Mike Tyson

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Mike Tyson : biography

June 30, 1966 –

On November 9, 1996, in Las Vegas, Nevada, Tyson faced Holyfield in a title bout dubbed "Finally." In a surprising turn of events, Holyfield, who was given virtually no chance to win by numerous commentators,Shetty, Sanjeev., , BBC Sports, 2001-12-26. Retrieved April 17, 2007. defeated Tyson by TKO when referee Mitch Halpern stopped the bout in round 11.Katsilometes, John., , Las Vegas Review-Journal, 1996-11-10. Retrieved April 18, 2007. Holyfield became the second person to win a heavyweight championship belt three times. Holyfield’s victory was marred by allegations from Tyson’s camp of Holyfield’s frequent headbutts, AP via Canoe.ca, 1997-06-26. Retrieved April 18, 2007. during the bout. Although the headbutts were ruled accidental by the referee, they would become a point of contention in the subsequent rematch., BBC Sports, 1999-10-04. Retrieved April 18, 2007.

Tyson vs. Holyfield II and aftermath

Tyson and Holyfield fought again on June 28, 1997. Originally, Halpern was supposed to be the referee, but after Tyson’s camp protested, Halpern stepped aside in favor of Mills Lane., AP via Slam! Boxing, June 29, 1997. Retrieved March 9, 2007. The highly anticipated rematch was dubbed The Sound and the Fury, and it was held at the Las Vegas MGM Grand Garden Arena, site of the first bout. It was a lucrative event, drawing even more attention than the first bout and grossing $100 million. Tyson received $30 million and Holyfield $35 million, the highest paid professional boxing purses until 2007., AP via Slam! Boxing, 1997-06-25. Retrieved March 9, 2007.Dahlberg, Tim. , AP via International Herald Tribune, May 9, 2007. Retrieved November 2, 2007. The fight was purchased by 1.99 million households, setting a pay-per-view buy rate record that stood until the May 5, 2007, De La Hoya-Mayweather boxing match.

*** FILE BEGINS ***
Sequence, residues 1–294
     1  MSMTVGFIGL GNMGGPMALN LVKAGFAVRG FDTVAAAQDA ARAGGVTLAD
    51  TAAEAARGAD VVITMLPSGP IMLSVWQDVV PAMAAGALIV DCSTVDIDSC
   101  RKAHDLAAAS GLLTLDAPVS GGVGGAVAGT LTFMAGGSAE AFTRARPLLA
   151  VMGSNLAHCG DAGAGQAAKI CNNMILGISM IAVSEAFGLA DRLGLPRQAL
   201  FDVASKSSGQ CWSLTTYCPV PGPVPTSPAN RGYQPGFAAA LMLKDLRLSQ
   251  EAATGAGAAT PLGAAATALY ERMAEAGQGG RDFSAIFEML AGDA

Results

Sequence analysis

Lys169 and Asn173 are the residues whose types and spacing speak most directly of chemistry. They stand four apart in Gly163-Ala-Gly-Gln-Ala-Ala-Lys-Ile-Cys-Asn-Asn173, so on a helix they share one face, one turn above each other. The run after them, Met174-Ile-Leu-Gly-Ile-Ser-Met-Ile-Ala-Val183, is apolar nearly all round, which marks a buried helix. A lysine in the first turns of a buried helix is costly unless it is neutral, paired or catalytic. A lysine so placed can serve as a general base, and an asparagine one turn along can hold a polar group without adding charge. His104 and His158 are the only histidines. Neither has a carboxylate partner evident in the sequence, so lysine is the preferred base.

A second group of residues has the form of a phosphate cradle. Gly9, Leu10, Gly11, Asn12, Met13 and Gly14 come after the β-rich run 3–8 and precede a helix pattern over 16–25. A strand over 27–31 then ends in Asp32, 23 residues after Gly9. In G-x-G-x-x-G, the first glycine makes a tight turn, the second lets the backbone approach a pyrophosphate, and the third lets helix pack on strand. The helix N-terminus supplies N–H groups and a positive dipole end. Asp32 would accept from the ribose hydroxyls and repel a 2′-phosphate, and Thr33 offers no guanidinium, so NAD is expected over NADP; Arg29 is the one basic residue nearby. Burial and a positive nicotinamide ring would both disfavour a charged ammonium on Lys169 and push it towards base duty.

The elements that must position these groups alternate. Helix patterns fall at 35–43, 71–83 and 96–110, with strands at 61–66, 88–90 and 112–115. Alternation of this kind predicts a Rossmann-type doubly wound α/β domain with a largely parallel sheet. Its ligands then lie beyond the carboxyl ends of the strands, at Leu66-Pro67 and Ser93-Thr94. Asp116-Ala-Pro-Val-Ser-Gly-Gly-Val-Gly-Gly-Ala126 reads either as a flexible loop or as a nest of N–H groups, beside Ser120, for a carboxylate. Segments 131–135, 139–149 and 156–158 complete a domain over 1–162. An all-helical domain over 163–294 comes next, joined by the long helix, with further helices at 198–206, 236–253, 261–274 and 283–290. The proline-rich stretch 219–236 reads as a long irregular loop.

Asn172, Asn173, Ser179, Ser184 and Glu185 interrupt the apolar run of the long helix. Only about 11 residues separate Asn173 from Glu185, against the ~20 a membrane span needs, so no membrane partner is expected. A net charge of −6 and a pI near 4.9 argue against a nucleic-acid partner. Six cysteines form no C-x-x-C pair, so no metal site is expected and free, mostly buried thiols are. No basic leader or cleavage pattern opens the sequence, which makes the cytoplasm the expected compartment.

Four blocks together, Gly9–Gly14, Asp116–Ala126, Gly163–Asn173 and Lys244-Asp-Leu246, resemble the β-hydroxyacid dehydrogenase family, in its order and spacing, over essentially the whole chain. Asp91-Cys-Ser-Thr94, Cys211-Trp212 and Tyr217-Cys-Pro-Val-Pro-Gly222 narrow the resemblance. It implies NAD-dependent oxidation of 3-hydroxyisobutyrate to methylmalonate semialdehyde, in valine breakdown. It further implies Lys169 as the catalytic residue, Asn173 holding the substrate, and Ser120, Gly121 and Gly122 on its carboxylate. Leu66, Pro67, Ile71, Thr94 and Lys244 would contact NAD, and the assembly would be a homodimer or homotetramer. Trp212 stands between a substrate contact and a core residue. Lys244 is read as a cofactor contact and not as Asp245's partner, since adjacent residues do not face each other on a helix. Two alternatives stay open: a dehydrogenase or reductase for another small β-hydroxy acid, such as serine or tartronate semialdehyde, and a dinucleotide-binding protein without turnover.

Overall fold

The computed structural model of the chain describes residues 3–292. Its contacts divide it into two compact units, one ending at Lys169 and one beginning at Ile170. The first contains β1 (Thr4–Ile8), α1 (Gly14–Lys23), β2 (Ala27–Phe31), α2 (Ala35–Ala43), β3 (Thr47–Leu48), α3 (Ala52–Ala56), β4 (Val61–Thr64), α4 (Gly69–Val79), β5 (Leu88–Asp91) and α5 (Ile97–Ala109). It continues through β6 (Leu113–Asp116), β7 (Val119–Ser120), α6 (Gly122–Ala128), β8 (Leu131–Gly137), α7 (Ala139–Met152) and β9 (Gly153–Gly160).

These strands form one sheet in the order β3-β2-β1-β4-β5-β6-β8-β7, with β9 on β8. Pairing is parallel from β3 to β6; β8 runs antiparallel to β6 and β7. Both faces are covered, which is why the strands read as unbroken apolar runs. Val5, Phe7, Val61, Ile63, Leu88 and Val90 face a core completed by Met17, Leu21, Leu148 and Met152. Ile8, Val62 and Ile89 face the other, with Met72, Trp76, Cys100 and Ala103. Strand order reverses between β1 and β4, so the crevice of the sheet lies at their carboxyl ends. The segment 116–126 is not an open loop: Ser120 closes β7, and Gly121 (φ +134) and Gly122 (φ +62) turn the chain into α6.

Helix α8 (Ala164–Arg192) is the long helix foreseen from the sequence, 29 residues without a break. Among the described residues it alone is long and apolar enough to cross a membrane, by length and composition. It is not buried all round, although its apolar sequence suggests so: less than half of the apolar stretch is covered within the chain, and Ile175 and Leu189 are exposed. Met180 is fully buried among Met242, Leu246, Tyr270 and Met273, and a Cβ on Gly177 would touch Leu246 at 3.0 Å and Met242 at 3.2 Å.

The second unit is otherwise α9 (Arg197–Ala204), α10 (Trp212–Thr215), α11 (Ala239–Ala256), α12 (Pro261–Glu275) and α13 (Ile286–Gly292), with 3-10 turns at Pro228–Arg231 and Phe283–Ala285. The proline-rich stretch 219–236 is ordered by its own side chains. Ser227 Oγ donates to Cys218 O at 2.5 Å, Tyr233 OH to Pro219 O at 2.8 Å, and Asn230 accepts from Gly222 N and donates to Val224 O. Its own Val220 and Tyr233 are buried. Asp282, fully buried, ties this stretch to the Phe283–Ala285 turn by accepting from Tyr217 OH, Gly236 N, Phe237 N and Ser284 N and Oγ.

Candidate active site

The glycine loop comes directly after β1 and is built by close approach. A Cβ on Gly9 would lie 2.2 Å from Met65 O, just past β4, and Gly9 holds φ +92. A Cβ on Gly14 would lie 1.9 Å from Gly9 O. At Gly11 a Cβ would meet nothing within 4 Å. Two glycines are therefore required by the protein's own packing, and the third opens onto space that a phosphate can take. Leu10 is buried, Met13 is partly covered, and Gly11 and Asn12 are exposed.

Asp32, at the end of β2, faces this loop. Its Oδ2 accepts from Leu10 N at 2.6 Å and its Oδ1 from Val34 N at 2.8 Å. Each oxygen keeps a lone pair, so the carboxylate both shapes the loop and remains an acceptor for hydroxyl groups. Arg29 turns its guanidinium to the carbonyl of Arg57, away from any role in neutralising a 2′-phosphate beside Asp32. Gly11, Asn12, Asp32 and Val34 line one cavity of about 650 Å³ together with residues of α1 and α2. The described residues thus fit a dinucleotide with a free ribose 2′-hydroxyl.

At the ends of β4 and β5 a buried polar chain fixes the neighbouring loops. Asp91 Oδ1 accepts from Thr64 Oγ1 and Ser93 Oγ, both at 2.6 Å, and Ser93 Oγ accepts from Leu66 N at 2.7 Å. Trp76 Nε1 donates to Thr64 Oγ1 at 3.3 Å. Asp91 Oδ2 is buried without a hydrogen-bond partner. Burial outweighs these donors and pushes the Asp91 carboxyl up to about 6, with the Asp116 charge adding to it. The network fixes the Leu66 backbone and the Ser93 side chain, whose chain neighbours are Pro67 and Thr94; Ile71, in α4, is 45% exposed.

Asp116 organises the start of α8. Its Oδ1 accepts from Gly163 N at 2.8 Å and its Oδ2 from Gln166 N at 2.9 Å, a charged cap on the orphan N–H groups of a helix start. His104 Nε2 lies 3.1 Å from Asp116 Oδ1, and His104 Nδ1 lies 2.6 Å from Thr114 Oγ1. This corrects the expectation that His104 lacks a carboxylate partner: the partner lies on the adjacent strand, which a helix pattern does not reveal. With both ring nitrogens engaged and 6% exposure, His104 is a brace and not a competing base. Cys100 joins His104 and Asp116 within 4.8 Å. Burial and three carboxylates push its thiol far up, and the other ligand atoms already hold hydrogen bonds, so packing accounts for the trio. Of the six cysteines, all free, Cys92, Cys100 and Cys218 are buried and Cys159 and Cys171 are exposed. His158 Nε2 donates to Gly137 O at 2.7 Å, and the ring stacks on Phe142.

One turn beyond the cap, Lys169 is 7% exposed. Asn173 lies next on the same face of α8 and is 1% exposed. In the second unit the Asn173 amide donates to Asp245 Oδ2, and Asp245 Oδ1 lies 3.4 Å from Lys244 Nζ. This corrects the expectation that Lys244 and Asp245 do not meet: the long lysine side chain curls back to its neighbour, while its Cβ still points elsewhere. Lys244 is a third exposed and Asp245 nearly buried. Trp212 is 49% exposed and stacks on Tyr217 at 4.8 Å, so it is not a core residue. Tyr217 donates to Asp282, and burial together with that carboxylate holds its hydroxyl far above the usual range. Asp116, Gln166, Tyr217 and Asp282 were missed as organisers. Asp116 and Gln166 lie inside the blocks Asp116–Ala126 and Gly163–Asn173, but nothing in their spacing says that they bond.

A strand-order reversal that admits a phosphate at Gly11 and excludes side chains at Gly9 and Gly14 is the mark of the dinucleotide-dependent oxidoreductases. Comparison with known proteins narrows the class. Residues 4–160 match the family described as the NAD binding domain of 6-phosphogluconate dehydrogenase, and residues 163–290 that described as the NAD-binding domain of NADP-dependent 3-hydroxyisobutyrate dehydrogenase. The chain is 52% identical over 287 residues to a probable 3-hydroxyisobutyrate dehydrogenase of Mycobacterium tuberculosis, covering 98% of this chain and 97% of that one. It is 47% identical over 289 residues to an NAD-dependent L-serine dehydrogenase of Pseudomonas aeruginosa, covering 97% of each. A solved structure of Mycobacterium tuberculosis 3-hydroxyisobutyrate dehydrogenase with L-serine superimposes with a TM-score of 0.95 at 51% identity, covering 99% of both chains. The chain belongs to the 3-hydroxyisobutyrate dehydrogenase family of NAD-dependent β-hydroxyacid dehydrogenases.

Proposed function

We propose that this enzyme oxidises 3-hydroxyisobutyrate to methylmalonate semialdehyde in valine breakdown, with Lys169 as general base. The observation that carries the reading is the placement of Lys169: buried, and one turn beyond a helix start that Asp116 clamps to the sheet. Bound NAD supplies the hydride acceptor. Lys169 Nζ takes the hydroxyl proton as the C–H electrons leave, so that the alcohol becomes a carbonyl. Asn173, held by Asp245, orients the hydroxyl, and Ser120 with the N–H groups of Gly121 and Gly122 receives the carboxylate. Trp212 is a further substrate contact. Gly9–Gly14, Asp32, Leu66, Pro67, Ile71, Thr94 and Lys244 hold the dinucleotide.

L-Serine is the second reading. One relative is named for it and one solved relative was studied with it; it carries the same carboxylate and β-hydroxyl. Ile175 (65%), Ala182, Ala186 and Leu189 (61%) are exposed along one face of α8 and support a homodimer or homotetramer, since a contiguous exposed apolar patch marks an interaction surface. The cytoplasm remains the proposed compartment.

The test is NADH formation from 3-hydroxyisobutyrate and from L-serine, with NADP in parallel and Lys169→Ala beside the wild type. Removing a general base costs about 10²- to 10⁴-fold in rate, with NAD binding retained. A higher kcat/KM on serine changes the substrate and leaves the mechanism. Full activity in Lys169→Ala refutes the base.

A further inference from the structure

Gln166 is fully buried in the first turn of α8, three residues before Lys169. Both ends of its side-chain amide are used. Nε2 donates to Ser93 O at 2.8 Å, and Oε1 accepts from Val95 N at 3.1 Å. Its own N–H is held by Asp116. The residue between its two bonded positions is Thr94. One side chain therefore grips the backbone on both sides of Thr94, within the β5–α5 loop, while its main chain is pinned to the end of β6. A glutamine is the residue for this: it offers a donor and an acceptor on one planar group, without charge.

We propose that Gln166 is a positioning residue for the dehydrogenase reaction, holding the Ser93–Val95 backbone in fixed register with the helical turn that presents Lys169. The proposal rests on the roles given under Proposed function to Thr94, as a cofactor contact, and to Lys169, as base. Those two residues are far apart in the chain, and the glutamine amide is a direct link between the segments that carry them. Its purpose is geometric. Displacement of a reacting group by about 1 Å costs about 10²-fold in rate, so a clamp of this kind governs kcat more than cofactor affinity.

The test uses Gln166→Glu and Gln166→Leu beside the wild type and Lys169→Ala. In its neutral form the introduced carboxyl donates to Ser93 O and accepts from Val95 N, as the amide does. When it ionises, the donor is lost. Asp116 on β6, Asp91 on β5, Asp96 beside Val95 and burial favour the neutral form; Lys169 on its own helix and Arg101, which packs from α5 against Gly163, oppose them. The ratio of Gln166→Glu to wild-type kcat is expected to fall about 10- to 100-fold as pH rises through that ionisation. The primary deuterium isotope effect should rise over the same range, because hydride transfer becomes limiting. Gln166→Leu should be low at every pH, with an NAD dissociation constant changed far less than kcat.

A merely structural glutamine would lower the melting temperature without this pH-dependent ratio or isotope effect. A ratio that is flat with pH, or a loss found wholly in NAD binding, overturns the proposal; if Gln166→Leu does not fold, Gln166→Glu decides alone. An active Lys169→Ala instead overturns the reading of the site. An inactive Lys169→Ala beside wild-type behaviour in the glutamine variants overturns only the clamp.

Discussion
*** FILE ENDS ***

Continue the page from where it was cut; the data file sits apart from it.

Soon to become one of the most controversial events in modern sports,, ESPN.com. Retrieved March 9, 2007. the fight was stopped at the end of the third round, with Tyson disqualified, AP via Slam! Boxing, 1997-06-29. Retrieved March 9, 2007. for biting Holyfield on both ears. The first time Tyson bit him, the match was temporarily stopped. Referee Mills Lane deducted two points from Tyson and the fight resumed. However, after the match resumed, Tyson did it again; Tyson was disqualified and Holyfield won the match. One bite was severe enough to remove a piece of Holyfield’s right ear, which was found on the ring floor after the fight.Buffery, Steve., , The Toronto Sun via Slam! Boxing, June 29, 1997. Retrieved March 9, 2007. Tyson later stated that his actions were retaliation for Holyfield repeatedly headbutting him without penalty. In the confusion that followed the ending of the bout and announcement of the decision, a near riot erupted in the arena and several people were injured., AP via Slam! Boxing, June 29, 1997. Retrieved March 9, 2007.

Tyson’s former trainer, Teddy Atlas, had predicted that Tyson would be disqualified. "He planned this," Atlas said. "That’s the only reason he went through with this fight. This was a charade so he could get out and live with himself as long as in his world he would be known as savage and brutal. In his world, he was the man who attacked like an animal and people would say he was trying to annihilate Holyfield, trying to kill him, when nothing could be further from the truth.""Atlas Shrugged, He Knows What’s Eating Tyson", Michael Katz, New York Daily News, June 30, 1997

As a subsequent fallout from the incident, US$3 million was immediately withheld from Tyson’s $30-million purse by the Nevada state boxing commission (the most it could legally hold back at the time).Buffery, Steve., , The Toronto Sun via Slam! Boxing, 1997-06-29. Retrieved March 9, 2007. Two days after the fight, Tyson issued a statement,, AP via Slam! Boxing, July 30, 1997. Retrieved March 9, 2007. apologizing to Holyfield for his actions and asked not to be banned for life over the incident., AP via Slam! Boxing, July 30, 1997. Retrieved March 9, 2007. Tyson was roundly condemned in the news media but was not without defenders. Novelist and commentator Katherine Dunn wrote a column that criticized Holyfield’s sportsmanship in the controversial bout and charged the news media with being biased against Tyson.Dunn, Katherine. , PDXS via cyberboxingzone.com, July 9, 1997. Retrieved April 18, 2007.